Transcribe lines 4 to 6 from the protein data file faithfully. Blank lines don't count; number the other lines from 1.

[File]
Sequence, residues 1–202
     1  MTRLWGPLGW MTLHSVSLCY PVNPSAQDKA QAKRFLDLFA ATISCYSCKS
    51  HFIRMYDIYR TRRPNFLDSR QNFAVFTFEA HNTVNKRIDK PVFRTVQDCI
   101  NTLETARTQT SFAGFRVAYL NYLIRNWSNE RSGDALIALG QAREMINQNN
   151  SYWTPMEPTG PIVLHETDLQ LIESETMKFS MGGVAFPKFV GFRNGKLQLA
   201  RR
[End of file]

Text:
   101  NTLETARTQT SFAGFRVAYL NYLIRNWSNE RSGDALIALG QAREMINQNN
   151  SYWTPMEPTG PIVLHETDLQ LIESETMKFS MGGVAFPKFV GFRNGKLQLA
   201  RR